Ideally you would view potential properties in rainy weather to see exactly where the natural drainage paths lie. If you're purchasing property in the dry season, walk the property with your Realtor. Look for evidence of previous water flows such as gullies, dry creeks and erosion contours. Look at your potential property from several angles and try to determine where the high spots are. What you would like to see are wide, shallow drainage paths where water will move slowly but in sufficient quantity. Check for long, thin lines of water-hungry vegetation which can appear as dark streaks in aerial photographs. These plants usually indicate where water sits or flows long after the rainy season has ended.


Aerial photo (Google Earth is handy for some of these!) showing creek contours as dark green lines of water-hungry vegetation.

Narrow, deep contours usually evolve into gullies or become significant erosion problems requiring constant care and maintenance. In many cases, the local Planning Department or Water District will have identified natural contours that function as major storm runoff paths (know as storm drain easements) that will be indicated on a parcel map or in the preliminary title report. Check with your Realtor or the Planning Department to determine if any of these exist on the property you are considering. It is important that you not disturb the drainage in these areas because of the effect they might have on neighboring properties both up and down stream.


4) Check the Setbacks and Other Restrictions.

Setbacks are the minimum distances that you can locate a building or other fixture from a particular feature of the land. There are minimum distances for spacing buildings from parcel boundaries, from creeks and storm drain easements, from roads and from utility or other access easements. Separation limits are also mandated between facilities like your well and septic system.  Setback distances range from less than ten feet to a hundred feet or more. Not all existing structures may have been erected in accord with the setback regulations. If something looks too close to you, it probably is; and will look too close to the county planner as well. If you are adding structures to a site, your site plan will be examined for setback violations during the site approval process. As the buyer, and subsequently the owner, you would be responsible for any setback violations even if they occurred before you made the purchase. While your arena may look great next to the creek, if the local water department says it has to be at least 75 feet away, that's where you will have to put it!  Setbacks between water systems (including your domestic water supply, that of your neighbors, streams, seasonal creeks and storm runoff easements) and possible sources of contamination such as septic systems, barns and even pastures should be carefully adhered to. Setbacks can eat up a lot of real estate, so beware of smaller properties with several creeks and drainage easements and always review the latest Planning Department regulations before you start your property search.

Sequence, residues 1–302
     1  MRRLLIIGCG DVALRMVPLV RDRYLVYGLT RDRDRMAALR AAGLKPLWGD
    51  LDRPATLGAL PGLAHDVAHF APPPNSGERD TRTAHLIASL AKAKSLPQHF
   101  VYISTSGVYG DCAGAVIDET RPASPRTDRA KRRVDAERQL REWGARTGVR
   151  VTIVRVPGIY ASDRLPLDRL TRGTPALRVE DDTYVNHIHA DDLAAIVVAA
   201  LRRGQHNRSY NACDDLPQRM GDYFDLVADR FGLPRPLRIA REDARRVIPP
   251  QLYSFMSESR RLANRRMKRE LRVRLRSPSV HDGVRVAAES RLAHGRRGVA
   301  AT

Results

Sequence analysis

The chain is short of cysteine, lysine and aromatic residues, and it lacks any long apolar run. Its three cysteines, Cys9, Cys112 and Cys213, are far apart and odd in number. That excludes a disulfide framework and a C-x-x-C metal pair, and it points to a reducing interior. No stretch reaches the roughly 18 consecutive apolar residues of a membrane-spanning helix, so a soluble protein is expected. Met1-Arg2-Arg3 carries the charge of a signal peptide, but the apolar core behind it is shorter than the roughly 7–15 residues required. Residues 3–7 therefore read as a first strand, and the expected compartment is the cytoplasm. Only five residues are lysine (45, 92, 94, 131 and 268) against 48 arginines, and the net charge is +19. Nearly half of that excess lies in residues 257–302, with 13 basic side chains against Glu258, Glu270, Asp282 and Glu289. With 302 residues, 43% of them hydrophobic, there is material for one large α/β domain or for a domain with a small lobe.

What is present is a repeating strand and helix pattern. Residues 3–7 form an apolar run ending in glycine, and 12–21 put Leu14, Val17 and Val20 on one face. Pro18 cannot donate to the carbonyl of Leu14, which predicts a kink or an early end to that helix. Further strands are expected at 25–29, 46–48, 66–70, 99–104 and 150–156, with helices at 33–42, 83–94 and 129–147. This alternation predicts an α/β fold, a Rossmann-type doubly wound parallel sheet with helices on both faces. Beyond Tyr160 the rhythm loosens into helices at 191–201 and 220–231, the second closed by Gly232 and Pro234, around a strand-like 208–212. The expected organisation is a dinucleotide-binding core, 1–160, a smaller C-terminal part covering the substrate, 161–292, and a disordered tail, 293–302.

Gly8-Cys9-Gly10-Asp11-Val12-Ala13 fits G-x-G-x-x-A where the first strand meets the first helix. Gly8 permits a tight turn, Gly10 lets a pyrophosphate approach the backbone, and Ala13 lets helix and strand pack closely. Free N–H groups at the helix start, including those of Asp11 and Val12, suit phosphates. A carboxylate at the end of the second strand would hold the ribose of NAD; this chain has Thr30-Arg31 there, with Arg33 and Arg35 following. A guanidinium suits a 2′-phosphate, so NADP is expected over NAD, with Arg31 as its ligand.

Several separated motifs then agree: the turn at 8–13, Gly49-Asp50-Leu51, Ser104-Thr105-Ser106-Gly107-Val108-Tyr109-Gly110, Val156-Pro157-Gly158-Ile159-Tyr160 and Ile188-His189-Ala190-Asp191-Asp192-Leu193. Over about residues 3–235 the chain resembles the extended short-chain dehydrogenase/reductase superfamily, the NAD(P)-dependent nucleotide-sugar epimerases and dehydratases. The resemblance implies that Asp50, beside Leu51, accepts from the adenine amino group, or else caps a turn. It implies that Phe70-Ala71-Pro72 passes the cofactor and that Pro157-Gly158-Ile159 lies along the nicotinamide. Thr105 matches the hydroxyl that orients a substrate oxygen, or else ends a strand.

After you locate a promising piece of land, have your Realtor obtain a Property Profile (free of charge from a title company) for the parcel in question. Check the Preliminary Title Report to identify any CC&Rs (restrictions and other conditions in the deed) or any easements  or other encumbrances that may impact your planned use of the property. You can often get a color-coded map showing the location of each easement from the title company.


5) Don't Skimp on Your Water Supply!

Water is vital for life. While every locale has regulations for water quality, you must also be concerned about the amount of water available in the aquifers beneath your property as well as how much water your well system can produce per minute or hour. The Fire Marshall will dictate how much water you must have in storage for fire protection as well as the number of fire hydrants required and where they must be located. In many locales, newly constructed homes (and some barns) may require ceiling-mounted fire sprinklers. The Water District will have established minimum water production standards for a legal well and can determine whether an older, existing well can continue in active production. Usually a well must have a concrete sanitary seal installed to a depth of fifty feet or the agency will require the well be destroyed to prevent contaminants from entering the water supply via the well casing. Potential contaminants, including nitrates and heavy metals as well as certain bacteria, exist in all rural areas and the planned uses of your rural property will be evaluated as a potential source of these contaminants. Your well, or well plus associated filtration system, must meet the water agency's minimum standards for water quality to allow its continued operation.